If you want to picture the Elk herds, remember to be quiet and patient. They are highly scared, and even a cough will send them scattering from your shot. They may easily walk into your frame if you establish yourself as a silent spectator.
During the winter, visitors can book a horse-drawn sleigh trip to get a closer look at the refuge’s vast elk herd.
In the Greater Yellowstone Ecosystem, this refuge is an important habitat for a variety of wildlife, but in the winter, it is principally used by a huge herd of wintering elk. Visitors can book a winter sleigh ride to get a closer look at the elk and learn more about this Wyoming herd at this wildlife refuge.
The Jackson Hole and Greater Yellowstone Visitor Centers sell tickets and make bookings for the sleigh rides.
When everything is covered in snow, Grand Teton Snowmobiling is a great way to explore! You have the option of going it alone, renting a snowmobile and trailer locally, or joining a guided trip.
A snowmobile tour can transport you to stunning natural landscapes that would otherwise be inaccessible during the winter. Hold on to your hat as you’re whisked around the snowy countryside by an expert guide. Visit Old Faithful or the Granite Hot Springs in Yellowstone National Park, the Gros Ventre Range, Togwotee Pass, or Greys River, and relax in a peaceful bath.
Snowmobiling is an appealing option within Wyoming’s national parks due to limited automobile access to highways. Grassy Lake Road in Grand Teton National Park is open to any snowmobile without the need for a guide. Other areas of the park have more stringent rules, such as the use of BAT (Best Available Technology) snowmobiles.
Check Out Ancient Petroglyphs
Prehistoric petroglyphs made by the Shoshone Indians can be seen during a winter tour. Petroglyphs are carved drawings in rock or stone.
To the Eastern Shoshone people of the Wind River Reservation east of Jackson, a guide explains their spiritual significance.
A visit to the National Bighorn Sheep Center in Dubois is also included in the program.
Year-round, Grand Teton National Park offers a plethora of photo opportunities, but the park’s winter environment is particularly stunning and a favorite of amateur and professional photographers alike.
Consider organizing a private photo tour or workshop with a professional guide/photographer if you are an amateur photographer looking to enhance your skills—or simply want the opportunity and accessibility to photograph both the park’s fauna and jaw-dropping landscape up close.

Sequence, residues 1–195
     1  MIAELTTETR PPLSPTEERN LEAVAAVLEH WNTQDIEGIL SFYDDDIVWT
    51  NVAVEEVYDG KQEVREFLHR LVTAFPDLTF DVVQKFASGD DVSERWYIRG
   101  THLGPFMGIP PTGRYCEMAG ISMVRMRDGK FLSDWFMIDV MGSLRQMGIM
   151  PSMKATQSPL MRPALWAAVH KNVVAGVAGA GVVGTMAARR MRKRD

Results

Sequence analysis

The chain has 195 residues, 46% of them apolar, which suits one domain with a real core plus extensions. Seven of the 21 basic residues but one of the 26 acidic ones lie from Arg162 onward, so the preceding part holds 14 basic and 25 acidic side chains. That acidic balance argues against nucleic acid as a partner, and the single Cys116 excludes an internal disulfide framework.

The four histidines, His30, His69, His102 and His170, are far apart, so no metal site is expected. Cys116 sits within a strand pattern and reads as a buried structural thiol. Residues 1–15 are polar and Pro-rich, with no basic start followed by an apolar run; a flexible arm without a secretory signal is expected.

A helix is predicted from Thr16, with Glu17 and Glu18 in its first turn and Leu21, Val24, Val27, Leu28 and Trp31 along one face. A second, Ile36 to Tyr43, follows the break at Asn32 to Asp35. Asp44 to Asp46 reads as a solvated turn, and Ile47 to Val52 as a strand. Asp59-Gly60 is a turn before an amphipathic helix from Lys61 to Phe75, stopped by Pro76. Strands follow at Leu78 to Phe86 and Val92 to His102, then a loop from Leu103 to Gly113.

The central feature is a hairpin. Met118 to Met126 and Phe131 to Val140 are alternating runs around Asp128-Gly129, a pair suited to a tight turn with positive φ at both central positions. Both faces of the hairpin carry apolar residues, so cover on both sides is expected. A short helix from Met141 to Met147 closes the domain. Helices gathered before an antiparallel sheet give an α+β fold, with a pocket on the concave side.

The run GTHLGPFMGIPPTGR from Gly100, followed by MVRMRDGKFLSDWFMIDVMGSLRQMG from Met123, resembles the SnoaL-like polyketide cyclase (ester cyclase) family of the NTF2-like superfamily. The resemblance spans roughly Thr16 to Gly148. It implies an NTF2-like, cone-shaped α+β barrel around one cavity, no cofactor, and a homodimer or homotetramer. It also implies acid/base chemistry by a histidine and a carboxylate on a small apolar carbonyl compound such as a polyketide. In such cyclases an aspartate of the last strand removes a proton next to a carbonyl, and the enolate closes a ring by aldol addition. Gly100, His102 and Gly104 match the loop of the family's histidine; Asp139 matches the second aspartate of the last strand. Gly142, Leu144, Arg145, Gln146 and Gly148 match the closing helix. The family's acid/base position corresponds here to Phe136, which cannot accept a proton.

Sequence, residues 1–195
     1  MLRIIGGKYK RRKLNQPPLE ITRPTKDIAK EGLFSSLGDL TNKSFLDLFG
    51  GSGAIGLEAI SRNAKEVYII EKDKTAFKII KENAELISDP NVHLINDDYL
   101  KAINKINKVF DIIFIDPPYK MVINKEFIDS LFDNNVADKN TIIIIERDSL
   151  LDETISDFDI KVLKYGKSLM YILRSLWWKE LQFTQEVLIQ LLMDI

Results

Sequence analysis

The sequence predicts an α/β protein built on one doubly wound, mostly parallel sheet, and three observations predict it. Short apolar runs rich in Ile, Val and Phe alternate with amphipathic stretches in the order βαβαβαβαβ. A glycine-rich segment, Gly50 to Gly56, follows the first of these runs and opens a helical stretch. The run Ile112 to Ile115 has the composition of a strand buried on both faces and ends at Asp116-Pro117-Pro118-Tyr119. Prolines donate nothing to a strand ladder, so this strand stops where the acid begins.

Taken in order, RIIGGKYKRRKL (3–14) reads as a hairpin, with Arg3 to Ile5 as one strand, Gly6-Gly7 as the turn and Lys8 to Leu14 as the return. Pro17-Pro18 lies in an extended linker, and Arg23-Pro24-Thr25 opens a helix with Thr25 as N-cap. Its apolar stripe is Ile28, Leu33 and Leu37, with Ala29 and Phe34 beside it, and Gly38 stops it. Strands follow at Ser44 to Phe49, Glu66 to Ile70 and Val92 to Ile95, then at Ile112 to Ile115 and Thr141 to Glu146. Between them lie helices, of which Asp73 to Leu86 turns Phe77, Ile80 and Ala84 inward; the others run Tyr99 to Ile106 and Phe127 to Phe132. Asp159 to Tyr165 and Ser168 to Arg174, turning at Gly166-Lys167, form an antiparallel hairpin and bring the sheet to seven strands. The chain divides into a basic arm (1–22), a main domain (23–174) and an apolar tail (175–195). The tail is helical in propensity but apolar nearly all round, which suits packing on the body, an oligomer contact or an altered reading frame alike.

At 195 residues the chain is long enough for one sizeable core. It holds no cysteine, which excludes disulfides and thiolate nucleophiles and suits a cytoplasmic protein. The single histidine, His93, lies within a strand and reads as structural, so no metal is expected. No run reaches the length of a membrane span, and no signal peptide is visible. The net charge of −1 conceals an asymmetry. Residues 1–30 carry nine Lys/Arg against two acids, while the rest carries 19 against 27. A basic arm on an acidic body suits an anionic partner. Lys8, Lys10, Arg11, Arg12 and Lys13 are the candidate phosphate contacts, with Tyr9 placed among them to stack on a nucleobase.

Several outfitters, including Alpen Glow Tours, Grand Teton Photo Tours, and Jackson Hole Wildlife Safaris, provide half, full, and multi-day tours. Depending on the trip you choose, you’ll see landscapes, wildlife, and breathtaking photo opportunities at sunrise and/or sunset. Your guide will go through every aspect of photography technique and equipment with you.
Tram and Gondola Rides
There are two different types of cable cars that ascend the mountains at Teton Village, at the Jackson Hole Mountain Resort. Even if you don’t ski or snowboard downhill, it’s wonderful to ride one or both of them up the mountain for spectacular vistas.
The Bridger Gondola ascends 823 meters/ 2,700 feet vertically. There are several tiny private gondolas available, and there are lots to do, including three restaurants, at the top. After 5:00 p.m., you can ride for free.
The Aerial Tram, which runs from the Mountain Resort to the summit of Rendezvous Mountain at 10,450 feet, is a popular attraction in Jackson Hole. The Tram provides breathtaking views of the Tetons, Jackson, the Snake River Valley, and Grand Teton National Park. At Corbet’s Cabin, at the summit, you may enjoy the views and freshly prepared waffles.
Both of their stations are virtually next to one other at the bottom of the mountain at Teton Village.
Cross Country Skiing
Skiing into Grand Teton National Park is a once-in-a-lifetime experience. The powdery snow in the area is ideal for ski touring, and the views are breathtaking.
This is a wonderful place to start if you’ve never done it before. There are various areas with groomed trails, and the Grand Teton mountains, which are always snow-covered, provide a spectacular backdrop.
There are about 14 miles/ 22.5 kilometers of groomed Nordic/ cross country skiing trails in Grand Teton, making skiing a breeze.
Many experienced outfitters can also outfit you with everything you need to get out and glide across Grand Teton National Park, and they are located in Jackson.
If you plan on traveling during the holidays or during spring break, you should book your rental gear ahead of time to ensure availability.